Take the 2-minute tour ×
Mathematics Stack Exchange is a question and answer site for people studying math at any level and professionals in related fields. It's 100% free, no registration required.

Show that the filter $\mathscr F$ has $x$ as a cluster point iff $x \in\bigcap_{F \in \mathscr F } \overline F$.

For the the Proof of the 1st direction $(\Rightarrow)$ : Let the filter $\mathscr F$ has $x$ as a cluster point so every element $F$ of $\mathscr F$ intersect every $U \in $ $\mathscr U_x$ where $\mathscr U_x$ is the nbd system ,since every $U$ intersects $F$ , so $x \in\overline F \Rightarrow x \in \cap \overline F$.

Now for the other direction $(\Leftarrow)$ : Let $x \in \cap \overline F$ so this mean that $x$ belongs to each $\overline F$ then every nbd $U$ of $x$ intersect $F$, and $F$ is elements of $\mathscr F$, then $x$ is a cluster point of $\mathscr F$.

If any one can tell me that my proof is correct or not ?

share|improve this question
    
Something is strange, I thought that filters contain sets, so $\bigcap\overline F$ is not well defined if $F\in\mathscr F$, because $\bigcap $ is defined on sets of sets. You might not want to skip on the notation $\bigcap\{\overline F\mid F\in\mathscr F\}$ (it takes effort to understand that this is what you mean, I think). –  Asaf Karagila Nov 17 '12 at 22:12
1  
@MissIndependent: Yes, you did, and that does make it possible to figure out what you meant. It would be clearer, however, if you wrote $$x\in\bigcap\{\overline F:F\in\mathscr{F}\}$$ or $$x\in\bigcap_{F\in\mathscr{F}}\overline F\;.$$ –  Brian M. Scott Nov 17 '12 at 22:33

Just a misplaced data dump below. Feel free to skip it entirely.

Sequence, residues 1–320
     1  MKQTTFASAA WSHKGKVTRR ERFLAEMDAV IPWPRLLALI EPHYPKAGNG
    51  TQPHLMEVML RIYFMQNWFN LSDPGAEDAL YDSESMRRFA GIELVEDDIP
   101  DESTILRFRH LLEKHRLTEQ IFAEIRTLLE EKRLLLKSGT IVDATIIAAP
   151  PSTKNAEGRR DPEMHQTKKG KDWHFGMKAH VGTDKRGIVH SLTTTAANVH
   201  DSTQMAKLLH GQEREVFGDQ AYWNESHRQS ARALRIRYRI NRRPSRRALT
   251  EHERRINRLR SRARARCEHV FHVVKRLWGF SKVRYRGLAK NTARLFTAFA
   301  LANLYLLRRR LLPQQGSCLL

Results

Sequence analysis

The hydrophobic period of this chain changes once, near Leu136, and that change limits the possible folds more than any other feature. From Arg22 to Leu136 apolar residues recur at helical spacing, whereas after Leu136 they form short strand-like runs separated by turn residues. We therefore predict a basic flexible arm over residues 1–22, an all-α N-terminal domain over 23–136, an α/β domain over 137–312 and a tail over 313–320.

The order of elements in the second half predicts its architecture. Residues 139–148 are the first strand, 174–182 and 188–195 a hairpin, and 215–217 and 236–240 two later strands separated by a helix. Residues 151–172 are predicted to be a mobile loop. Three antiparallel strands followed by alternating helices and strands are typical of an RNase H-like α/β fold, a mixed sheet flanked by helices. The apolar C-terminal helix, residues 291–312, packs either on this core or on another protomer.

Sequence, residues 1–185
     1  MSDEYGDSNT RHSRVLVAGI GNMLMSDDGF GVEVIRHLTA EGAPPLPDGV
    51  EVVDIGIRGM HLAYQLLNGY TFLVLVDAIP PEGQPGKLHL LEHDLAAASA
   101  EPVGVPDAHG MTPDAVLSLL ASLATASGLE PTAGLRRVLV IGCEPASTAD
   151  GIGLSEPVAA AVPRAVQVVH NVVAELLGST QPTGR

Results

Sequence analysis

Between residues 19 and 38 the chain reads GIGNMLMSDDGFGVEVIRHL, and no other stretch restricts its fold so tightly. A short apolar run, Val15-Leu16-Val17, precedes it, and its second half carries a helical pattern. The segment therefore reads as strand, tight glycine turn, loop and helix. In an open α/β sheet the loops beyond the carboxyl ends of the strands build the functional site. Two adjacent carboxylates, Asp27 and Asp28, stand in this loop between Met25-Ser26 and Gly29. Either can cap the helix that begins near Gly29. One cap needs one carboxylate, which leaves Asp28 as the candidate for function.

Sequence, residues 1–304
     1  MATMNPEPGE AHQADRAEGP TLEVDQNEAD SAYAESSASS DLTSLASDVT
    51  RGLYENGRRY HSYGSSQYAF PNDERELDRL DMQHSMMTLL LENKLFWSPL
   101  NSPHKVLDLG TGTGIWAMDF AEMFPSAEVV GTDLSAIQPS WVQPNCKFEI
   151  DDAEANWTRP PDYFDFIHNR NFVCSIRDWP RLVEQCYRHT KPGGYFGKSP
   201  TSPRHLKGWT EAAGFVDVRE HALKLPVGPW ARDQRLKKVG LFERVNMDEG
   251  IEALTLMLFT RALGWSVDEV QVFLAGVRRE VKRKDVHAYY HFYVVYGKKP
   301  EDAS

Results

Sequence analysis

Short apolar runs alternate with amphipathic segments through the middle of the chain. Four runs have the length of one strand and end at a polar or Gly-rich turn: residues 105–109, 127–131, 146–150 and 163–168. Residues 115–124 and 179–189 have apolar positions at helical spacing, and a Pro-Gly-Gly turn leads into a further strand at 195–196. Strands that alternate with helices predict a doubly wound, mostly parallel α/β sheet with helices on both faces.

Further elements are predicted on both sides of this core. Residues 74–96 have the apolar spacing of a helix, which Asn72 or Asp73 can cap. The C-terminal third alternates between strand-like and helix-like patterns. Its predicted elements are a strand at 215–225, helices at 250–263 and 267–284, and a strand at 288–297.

1  
If you’ve not already seen it, you might find this MathJax link helpful. –  Brian M. Scott Nov 17 '12 at 22:37
1  
LaTeX hint: there is no need to add $ between symbols. –  Asaf Karagila Nov 17 '12 at 22:46
1  
The proposed argument seems to be a mixture of a correct proof with a couple of false and irrelevant statements. In the $\implies$ direction, it need not be the case that $x\in F$, nor is this needed for the argument. In the converse direction, the claim that $\mathcal U_x\subseteq\mathcal F$ and its consequence $\mathcal F\to x$ need not be true, and again they're not actually needed. –  Andreas Blass Nov 18 '12 at 3:47
show 10 more comments

1 Answer 1

up vote 0 down vote accepted

Write it down more calmly, using more sentences etc.:

Suppose $x$ is a cluster point of $\mathscr F$. We want to show that $x \in\bigcap_{F \in \mathscr F } \overline F$, and so pick an arbitrary $F \in \mathscr F$. To see $x \in \overline F$, we pick any open neighbourhood $O$ of $x$, and we need to see that $O$ intersects $F$. But this is clear from the definition of $x$ being a cluster point got $\mathscr F$. The reverse is similar.

If you want to see it more as a logical fact plus definitions:

$x$ is a cluster point of $\mathscr F$ means by definition $\forall O \in \mathscr{U}_{x} : \forall F \in \mathscr{F}: O \cap F \neq \emptyset$ which is the same as $\forall F \in \mathscr{F}: ( \forall O \in \mathscr{U}_{x} : O \cap F \neq \emptyset)$, and the statement in brackets is by (a) definition the meaning of $x \in \overline{F}$, so it also says $ \forall F \in \mathscr{F}: x \in \overline{F} $, which by definition of intersection is just $x \in \bigcap_{F \in \mathscr F} \overline{F} $.

So the fact is just a simple restatement of the definions of closure, intersection and cluster point.

share|improve this answer
add comment

Your Answer

 
discard

By posting your answer, you agree to the privacy policy and terms of service.

Not the answer you're looking for? Browse other questions tagged or ask your own question.